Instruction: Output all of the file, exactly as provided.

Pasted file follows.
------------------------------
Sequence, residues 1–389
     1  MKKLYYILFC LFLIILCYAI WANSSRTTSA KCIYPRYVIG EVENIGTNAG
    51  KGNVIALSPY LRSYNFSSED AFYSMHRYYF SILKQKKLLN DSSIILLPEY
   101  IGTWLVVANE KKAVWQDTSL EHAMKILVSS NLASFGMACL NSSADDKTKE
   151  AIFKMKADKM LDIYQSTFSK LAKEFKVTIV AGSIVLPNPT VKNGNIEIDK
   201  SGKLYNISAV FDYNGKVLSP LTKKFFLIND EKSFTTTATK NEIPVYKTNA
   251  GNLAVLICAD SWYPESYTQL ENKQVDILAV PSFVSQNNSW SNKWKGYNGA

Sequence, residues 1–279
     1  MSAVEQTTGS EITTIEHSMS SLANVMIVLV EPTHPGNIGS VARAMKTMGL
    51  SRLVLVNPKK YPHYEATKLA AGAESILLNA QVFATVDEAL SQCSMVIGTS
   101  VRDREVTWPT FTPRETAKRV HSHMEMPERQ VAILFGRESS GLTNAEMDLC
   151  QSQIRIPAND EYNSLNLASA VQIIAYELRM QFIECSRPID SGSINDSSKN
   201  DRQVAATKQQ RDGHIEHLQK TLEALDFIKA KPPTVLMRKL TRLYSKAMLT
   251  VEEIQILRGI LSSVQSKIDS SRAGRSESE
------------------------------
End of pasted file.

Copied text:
Sequence, residues 1–389
     1  MKKLYYILFC LFLIILCYAI WANSSRTTSA KCIYPRYVIG EVENIGTNAG
    51  KGNVIALSPY LRSYNFSSED AFYSMHRYYF SILKQKKLLN DSSIILLPEY
   101  IGTWLVVANE KKAVWQDTSL EHAMKILVSS NLASFGMACL NSSADDKTKE
   151  AIFKMKADKM LDIYQSTFSK LAKEFKVTIV AGSIVLPNPT VKNGNIEIDK
   201  SGKLYNISAV FDYNGKVLSP LTKKFFLIND EKSFTTTATK NEIPVYKTNA
   251  GNLAVLICAD SWYPESYTQL ENKQVDILAV PSFVSQNNSW SNKWKGYNGA

Sequence, residues 1–279
     1  MSAVEQTTGS EITTIEHSMS SLANVMIVLV EPTHPGNIGS VARAMKTMGL
    51  SRLVLVNPKK YPHYEATKLA AGAESILLNA QVFATVDEAL SQCSMVIGTS
   101  VRDREVTWPT FTPRETAKRV HSHMEMPERQ VAILFGRESS GLTNAEMDLC
   151  QSQIRIPAND EYNSLNLASA VQIIAYELRM QFIECSRPID SGSINDSSKN
   201  DRQVAATKQQ RDGHIEHLQK TLEALDFIKA KPPTVLMRKL TRLYSKAMLT
   251  VEEIQILRGI LSSVQSKIDS SRAGRSESE